• 1947: General Electric introduces a variable-reluctance phono cartridge with a 0.3mil sapphire stylus and 11mV output.

• 1948: Brook Electronics Inc. (Elizabeth, New Jersey) introduces the 12A audio amplifier and 12A3 preamplifier, beginning the era of high-fidelity audio separates.

Since hi-fi's postwar beginnings, hundreds of high-quality audio inventions for the home have thrilled and satisfied music lovers worldwide. But inevitably, no more than a few score companies, and maybe a dozen or so engineer-designers, have defined audio's most creative and enduring achievements.

J. Gordon Holt Posted: Mar 03, 2010 Published: Jan 03, 1987 0 comments
Some time ago in these pages, Anthony H. Cordesman observed rather ungraciously that the whole line of Hafler electronics "could do with reworking." This was interpreted by many readers—including the good people at the David Hafler Company—as meaning that AHC felt the entire Hafler line to be mediocre. In fact, he does not. (He had given a Hafler product a positive review a few issues previously.) Tony's comment, however, did express a sentiment that most of us at Stereophile have shared for some time: a feeling that Hafler products had slipped from the position of sonic preeminence which they enjoyed during the 1960s and '70s to one of mere excellence in a field where only preeminence is acclaimed.
John Atkinson Posted: Jul 27, 2012 Published: Aug 01, 2012 16 comments
When it comes to getting audio from a PC via its USB port, the buzzword du jour is asynchronous. This cryptic term refers to which device has control over the timing of the audio data being streamed from the computer: the computer itself, or the device receiving the data. It might seem logical to have the computer control the timing, but this is not so. When digital audio data are converted to analog by a D/A converter, control over exactly when each dataword is converted is critical for the best quality of sound. Any uncertainty in that timing manifests itself as analog distortion, aka jitter.
John Atkinson Posted: Dec 23, 2010 4 comments
The weekly Vote! Page is one of the most popular features of the Stereophile website, and the August 22 question, "Should Stereophile review more or fewer computer-audio products?", generated a record number of responses. No less than 88% of those responding asked for more coverage of products that allow a computer to be a legitimate source of music in a high-end context. Just 7% of readers wanted less coverage.
Stephen Mejias Posted: May 09, 2011 4 comments
Head-Direct's HiFiMan HM-602 is the second in a growing line of perfectionist-quality portable music players designed by Fang Bian, a 31-year-old audiophile and student of nanotechnology at the City University of New York's Hunter College. Bian's first HiFiMan design was the larger, heavier, more versatile HM-801 ($790; see my review here). In building the HM-602, Fang sacrificed the '801's removable amplifier module, 15V rechargeable battery, and coaxial input, thus creating a smaller, more portable product. Much sleeker and less substantial than the '801, the HM-602 measures approximately 4" L by 2.5" W by 1" D and weighs just 7oz—it can rest comfortably in the palm of a hand or a coat's inner pocket.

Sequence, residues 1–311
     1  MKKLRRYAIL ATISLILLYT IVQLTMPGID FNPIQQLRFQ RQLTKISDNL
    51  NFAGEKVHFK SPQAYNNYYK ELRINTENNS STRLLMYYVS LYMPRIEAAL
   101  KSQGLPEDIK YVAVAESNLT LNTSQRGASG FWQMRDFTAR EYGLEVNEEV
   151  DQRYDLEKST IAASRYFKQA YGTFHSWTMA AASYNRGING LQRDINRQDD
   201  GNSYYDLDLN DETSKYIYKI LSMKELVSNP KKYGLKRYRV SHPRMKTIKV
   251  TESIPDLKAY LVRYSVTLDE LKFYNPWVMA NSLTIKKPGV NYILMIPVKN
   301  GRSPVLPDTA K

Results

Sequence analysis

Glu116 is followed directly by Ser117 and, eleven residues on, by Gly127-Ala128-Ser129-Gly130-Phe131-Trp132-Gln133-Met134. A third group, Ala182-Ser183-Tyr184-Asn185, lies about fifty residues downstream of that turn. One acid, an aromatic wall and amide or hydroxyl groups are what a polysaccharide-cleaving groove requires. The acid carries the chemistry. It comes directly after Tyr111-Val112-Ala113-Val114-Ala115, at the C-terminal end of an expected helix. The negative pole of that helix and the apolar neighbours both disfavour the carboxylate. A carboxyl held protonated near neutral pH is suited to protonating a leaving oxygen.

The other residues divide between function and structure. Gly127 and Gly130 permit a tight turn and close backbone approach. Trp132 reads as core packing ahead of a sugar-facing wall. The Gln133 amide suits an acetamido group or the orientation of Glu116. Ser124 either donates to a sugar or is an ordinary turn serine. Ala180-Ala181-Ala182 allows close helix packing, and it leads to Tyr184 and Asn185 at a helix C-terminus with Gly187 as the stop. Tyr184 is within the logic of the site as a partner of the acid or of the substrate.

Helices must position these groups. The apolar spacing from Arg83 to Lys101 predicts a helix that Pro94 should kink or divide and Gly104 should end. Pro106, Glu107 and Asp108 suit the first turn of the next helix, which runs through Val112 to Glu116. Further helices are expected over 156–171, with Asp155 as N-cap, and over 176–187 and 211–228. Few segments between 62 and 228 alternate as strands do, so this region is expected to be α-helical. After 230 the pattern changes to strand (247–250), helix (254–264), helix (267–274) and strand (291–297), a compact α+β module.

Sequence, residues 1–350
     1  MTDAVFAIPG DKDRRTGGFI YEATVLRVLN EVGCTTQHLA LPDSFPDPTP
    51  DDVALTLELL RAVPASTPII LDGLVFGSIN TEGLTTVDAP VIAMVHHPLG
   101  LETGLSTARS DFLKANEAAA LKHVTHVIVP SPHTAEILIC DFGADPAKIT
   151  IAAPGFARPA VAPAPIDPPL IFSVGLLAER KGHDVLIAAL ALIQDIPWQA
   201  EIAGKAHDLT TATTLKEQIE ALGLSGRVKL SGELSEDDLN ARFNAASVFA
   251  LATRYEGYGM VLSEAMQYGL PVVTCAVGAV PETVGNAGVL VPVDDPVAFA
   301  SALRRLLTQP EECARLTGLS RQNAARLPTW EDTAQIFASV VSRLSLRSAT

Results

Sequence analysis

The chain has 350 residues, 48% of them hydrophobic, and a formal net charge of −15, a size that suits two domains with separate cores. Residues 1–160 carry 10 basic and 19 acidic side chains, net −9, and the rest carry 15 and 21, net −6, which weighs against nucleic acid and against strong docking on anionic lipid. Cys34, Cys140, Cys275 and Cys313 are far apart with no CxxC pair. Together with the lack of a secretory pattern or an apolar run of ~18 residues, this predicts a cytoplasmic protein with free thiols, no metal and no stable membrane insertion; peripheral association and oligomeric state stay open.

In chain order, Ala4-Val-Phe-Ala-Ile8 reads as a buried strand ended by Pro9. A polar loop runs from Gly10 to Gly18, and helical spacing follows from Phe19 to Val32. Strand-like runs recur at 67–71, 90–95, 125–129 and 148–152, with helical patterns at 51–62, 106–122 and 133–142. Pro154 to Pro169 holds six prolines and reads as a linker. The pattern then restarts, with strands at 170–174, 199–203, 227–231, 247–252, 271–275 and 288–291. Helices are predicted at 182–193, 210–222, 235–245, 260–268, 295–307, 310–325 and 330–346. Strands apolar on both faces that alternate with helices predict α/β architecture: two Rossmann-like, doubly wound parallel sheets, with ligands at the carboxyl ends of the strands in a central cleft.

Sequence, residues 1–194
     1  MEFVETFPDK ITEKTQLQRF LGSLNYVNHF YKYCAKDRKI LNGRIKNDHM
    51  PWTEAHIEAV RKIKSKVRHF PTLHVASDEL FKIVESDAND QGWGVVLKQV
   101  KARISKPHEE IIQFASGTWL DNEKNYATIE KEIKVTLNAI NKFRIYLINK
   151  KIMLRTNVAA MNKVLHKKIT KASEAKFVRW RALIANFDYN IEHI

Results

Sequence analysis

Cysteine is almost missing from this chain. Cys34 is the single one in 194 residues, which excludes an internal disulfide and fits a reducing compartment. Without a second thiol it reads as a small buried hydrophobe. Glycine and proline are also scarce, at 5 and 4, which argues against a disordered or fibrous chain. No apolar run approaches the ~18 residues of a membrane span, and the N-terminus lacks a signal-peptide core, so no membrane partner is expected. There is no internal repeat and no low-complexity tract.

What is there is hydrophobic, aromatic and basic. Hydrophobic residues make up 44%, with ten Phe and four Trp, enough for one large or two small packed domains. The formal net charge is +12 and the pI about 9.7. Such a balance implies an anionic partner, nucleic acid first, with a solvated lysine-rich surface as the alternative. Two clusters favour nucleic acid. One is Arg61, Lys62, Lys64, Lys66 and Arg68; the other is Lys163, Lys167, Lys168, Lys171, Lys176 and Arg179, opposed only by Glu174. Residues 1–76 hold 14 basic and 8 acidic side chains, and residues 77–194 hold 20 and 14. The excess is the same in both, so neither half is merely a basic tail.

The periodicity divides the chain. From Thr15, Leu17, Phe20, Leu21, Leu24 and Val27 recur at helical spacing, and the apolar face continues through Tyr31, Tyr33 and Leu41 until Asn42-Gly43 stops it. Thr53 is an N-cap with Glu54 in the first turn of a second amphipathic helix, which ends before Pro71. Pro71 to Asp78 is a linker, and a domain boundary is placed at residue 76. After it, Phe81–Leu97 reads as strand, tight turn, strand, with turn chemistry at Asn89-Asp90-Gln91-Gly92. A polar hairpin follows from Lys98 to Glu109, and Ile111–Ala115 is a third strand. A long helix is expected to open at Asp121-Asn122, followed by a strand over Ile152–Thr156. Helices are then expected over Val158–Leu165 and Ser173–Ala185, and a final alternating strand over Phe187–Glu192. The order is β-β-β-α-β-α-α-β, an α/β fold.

Overall, the HM-602 has a handsome, rather serious appearance: With its gold controls and its fine metallic finish, which at times seems a deep green and at others takes on a smoky charcoal, the HM-602, like its predecessor, exhibits an air of elegance and sophistication. And while the HM-801 proudly takes after Sony's famed Walkman—Fang Bian once owned every available model of the now-discontinued portable cassette player—the HM-602 much more closely resembles Apple's iPod Classic. On its front panel, below the 2" LCD screen, the HM-602 has a four-way control ring similar to the iPod's scroll wheel, and three sliding switches: Power, Hold (deactivates controls while music is playing), and DAP/USB.

John Atkinson Posted: Jan 08, 1995 Published: Jan 08, 1994 0 comments
"Uhh! What is it?" I was being prodded on the arm. Admittedly it was gentle, almost polite prodding, but prodding it still was, a rude disturbance of the cocoon I had woven around myself in seat 31J of the American Airlines MD-11 winging its way across the North Atlantic. I pushed Pause on the Discman, insensitively not waiting for an opportune cadence in the Brahms Piano Quintet that had been my erstwhile virtual reality.

Pages

X
Enter your Stereophile.com username.
Enter the password that accompanies your username.
Loading